Garth Brooks Will Perform At the Presidential Inauguration on Wednesday

The is the second time Brooks has performed at a Presidential inauguration.

Written by Vernell Hackett
Garth Brooks Will Perform At the Presidential Inauguration on Wednesday
Garth Brooks; Photo credit: Copyright Blue Rose, Inc

Garth Brooks says every new presidential administration has themes, including new beginnings and new starts, but he perceives the new Joe Biden administration’s theme to be love.

“We’re all together in this one,” said Brooks during a press conference Monday (January 18). He will perform during the inauguration portion of the festivities surrounding President-elect Biden’s term as the 46th president of the United States on Wednesday (January 20). “You can’t take only the extreme left or right, it’s going to take all of us. These people who are screaming loud and we are rolling our eyes, take the time to listen to them. You don’t have to believe what they say, but we need to listen. If you don’t, you are turning deaf ears to voices in America. Listen to all of them, and then make the best decision you can.”

Brooks went on to say, “I would say that we are more divided than ever, so unity will be the bridge that brings us together. I’d like to see us heal… loving one another because that is what is going to get us through the most divided times we have ever had. I want the divided times to be behind us. I want to be able to give an opinion and then be able to hug each other.”

Garth said it is a real honor to be asked to perform at the inauguration. He also performed at President Obama’s ceremony in 2014. “This is a great day in our household, this is not a political statement,” he affirms. “This is a statement of unity. I’m excited, nervous — all the good things. This is history and it is an honor to get to serve. My father served in the US Marine, my brothers were in the Air Force and Army. Now it’s my chance to get to serve and it will be an honor.”

During Monday’s press conference, Brooks shared one of his favorite quotes from Martin Luther King. “I love this quote from one of Martin’s books – ‘An individual has not started living until he can rise above the narrow confines of his individualistic concerns to the broader concerns of all humanity.’ It is a beautiful day for that. You can say that today of all days, but tomorrow and the day after also.”

Garth said he has always welcomed all people to his concerts and that will never change. “You must rise beyond black or white, gay and straight, male or female, and look at what is going on from above, look at us as America. That’s always kind of been my thing. You are all welcome at a Garth Brooks concert. The whole mission at one of my concerts is for people who come and watch the show to leave loving each other more than when they came in. That’s never going to change for me.”   

Brooks talked about his hit song, “We Shall Be Free,” which he co-wrote with Stephanie Davis, after being asked how he views the song today as opposed to how he saw it when it was written and released in 1992.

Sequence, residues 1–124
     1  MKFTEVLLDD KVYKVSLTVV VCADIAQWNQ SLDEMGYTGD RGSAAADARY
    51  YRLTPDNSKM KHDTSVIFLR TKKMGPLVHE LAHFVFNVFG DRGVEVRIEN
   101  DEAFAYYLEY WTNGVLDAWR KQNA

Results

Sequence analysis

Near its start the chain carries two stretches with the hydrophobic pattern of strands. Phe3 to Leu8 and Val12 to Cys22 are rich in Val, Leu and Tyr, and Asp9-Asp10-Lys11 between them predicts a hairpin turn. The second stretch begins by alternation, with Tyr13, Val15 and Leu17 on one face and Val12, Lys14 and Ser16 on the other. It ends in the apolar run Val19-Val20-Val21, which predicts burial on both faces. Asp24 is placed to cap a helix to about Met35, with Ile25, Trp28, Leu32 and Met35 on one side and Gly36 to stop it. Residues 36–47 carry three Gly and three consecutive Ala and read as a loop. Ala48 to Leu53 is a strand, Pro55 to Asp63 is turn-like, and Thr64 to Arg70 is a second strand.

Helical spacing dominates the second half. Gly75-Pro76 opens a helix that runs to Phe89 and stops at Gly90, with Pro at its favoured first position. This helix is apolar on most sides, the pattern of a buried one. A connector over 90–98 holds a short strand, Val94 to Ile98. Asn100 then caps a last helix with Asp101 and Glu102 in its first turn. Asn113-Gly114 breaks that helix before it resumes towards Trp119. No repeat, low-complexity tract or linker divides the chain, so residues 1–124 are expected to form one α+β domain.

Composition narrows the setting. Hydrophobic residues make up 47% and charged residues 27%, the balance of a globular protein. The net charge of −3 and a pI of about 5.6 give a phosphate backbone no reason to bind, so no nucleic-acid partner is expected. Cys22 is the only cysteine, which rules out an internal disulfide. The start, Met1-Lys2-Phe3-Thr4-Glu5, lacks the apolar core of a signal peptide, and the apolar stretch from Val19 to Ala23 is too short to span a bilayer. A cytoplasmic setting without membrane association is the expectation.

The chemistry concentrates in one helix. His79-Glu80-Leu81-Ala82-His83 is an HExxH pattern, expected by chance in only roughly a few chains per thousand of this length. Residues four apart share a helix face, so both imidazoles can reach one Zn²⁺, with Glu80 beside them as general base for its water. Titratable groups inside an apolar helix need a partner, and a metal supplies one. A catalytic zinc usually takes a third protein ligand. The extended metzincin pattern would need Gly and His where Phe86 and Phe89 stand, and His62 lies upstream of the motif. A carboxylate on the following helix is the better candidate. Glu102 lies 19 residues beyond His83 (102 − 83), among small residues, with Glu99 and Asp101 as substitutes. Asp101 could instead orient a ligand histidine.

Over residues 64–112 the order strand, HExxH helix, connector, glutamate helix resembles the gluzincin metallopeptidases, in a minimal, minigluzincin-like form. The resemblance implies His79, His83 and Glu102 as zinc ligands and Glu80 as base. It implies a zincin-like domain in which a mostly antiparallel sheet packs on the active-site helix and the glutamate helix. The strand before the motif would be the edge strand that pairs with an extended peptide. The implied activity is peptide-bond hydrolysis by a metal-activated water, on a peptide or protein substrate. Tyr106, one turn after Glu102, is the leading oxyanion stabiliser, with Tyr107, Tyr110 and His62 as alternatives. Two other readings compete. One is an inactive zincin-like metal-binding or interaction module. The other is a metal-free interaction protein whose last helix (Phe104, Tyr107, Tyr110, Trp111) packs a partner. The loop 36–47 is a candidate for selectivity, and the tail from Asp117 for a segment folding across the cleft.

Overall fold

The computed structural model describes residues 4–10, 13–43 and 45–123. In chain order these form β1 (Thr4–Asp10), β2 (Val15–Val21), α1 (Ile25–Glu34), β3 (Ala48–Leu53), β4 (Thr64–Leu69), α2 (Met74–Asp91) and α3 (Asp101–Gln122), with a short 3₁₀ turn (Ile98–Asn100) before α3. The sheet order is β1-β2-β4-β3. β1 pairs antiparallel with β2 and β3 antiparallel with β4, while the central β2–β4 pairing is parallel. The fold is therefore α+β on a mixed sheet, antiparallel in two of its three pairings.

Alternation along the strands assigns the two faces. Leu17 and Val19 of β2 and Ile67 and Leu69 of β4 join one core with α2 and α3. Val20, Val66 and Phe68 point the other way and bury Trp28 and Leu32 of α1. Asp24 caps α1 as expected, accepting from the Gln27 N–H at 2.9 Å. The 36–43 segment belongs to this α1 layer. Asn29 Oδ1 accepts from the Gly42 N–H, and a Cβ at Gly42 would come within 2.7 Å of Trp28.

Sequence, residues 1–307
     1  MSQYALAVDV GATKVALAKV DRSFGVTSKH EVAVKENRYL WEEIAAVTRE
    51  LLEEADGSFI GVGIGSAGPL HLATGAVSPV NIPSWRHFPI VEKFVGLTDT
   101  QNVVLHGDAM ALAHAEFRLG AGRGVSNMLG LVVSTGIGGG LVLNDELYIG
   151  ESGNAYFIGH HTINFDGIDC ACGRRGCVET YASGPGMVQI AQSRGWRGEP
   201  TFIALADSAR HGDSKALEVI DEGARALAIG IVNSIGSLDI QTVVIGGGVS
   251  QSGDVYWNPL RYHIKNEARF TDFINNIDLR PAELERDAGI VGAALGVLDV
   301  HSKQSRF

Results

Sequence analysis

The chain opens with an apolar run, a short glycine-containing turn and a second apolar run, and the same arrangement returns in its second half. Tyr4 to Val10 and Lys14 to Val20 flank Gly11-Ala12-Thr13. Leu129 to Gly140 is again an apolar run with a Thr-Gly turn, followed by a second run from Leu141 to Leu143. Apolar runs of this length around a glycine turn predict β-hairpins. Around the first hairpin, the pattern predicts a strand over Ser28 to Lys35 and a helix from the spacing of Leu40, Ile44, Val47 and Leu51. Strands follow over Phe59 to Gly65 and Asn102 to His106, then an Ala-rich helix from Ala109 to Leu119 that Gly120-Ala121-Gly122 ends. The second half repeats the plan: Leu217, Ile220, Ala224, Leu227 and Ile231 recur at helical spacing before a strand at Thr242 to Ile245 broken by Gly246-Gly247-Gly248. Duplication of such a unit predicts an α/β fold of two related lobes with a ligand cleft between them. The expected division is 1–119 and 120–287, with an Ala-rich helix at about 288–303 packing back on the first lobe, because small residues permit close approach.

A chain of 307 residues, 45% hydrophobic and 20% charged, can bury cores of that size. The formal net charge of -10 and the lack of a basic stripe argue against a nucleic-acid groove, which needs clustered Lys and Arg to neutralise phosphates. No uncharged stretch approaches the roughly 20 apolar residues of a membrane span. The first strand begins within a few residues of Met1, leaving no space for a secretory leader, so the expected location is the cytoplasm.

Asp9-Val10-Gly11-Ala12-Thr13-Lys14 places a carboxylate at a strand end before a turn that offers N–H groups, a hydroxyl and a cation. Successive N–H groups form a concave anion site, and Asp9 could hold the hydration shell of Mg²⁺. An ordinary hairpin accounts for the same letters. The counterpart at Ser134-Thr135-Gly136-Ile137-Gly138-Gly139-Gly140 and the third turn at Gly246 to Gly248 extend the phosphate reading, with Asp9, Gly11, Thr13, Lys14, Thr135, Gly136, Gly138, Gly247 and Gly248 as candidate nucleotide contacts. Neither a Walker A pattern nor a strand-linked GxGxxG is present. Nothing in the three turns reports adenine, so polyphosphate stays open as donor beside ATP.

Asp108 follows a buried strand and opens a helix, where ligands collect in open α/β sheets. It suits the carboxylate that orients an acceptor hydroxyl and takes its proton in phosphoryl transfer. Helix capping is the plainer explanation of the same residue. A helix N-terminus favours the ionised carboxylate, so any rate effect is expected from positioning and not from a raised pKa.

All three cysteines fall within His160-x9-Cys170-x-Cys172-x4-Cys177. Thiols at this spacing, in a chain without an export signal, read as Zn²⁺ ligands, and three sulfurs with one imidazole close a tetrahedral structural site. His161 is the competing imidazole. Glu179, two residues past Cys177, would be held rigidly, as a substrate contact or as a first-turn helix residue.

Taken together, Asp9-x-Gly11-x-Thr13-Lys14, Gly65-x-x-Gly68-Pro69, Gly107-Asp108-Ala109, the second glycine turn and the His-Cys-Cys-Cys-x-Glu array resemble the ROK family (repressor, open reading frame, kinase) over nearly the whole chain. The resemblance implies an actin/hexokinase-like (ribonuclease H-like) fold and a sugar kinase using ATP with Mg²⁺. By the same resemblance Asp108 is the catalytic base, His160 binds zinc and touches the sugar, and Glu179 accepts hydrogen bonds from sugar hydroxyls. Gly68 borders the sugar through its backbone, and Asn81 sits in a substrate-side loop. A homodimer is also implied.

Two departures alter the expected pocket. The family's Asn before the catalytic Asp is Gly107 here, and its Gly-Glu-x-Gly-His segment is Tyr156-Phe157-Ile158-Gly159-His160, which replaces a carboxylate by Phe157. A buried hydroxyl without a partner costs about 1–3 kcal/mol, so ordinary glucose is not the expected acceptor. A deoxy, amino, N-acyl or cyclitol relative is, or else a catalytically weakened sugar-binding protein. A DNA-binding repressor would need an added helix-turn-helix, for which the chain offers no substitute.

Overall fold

“That song is more relevant today than it was a decade ago,” Brooks said. “More relevant today than it was released. There is good and bad to that observation because the song talks about the injustices and righting the wrongs — it looks like we will do this the rest of our existence. I want to spend the next 10 years of my life not divided.”

Brooks recalled March of last year when he received the Gershwin Award. “You play for   Congress, and you’re worried about there being left and right in attendance.  I watched them dance together, laugh together, sing and cry together. You couldn’t tell which one was for which party.  That is the hope, and I believe that is the Voice of Music speaking.”

Brooks is no stranger when it comes to being among the company of presidents. In addition to the Obama inaugural, he has played for ever president since Jimmy Carter except Ronald Reagan, including President Trump. He was there for President Clinton’s The Concert of the Century in 1999 and was the recipient in 2019 of the inaugural award for Caring and Compassion, awarded by George H.W. Bush’s organization, Points of Light, a global nonprofit dedicated to accelerating people-powered change.

Regarding what happened in Washington, D.C. on January 13, Brooks said, “It was disturbing, it was sad. We are the human race, so I’m always gonna find sunny sides in there. The fact is we do make choices very much on the spur of the moment. I deal in music, I deal in raw emotions, that’s what music is all about. I think you saw the human race at a time that, for me as a person, reflected some other country’s headline, if that makes any sense. But it happened here and all I can do is beg and plead for everybody to take that second and that moment and think about your family, think about the mark you are going to leave on this planet as a human being and the children that you raise. Then make your decisions. Now you deal with what happened and take responsibility and we do our best to make sure something like that doesn’t happen again.”

Brooks will perform solo during the inauguration ceremony. “It will be broken down, the barebones stuff that allows the music to come through and speak. I enjoy taking a backseat to that.

“I try to remember my job is simple, and when they call you to sing, you get to do what I was put here for. This Celebration in an honorable day where the new president takes over. It’s a beautiful day for hope for the future. It’s a tribute to those people who dedicate their lives for this country. Past presidents, future presidents. The least I can do is grab my guitar and sing for them, get up there and play. I consider it the greatest honor I’ve ever had.”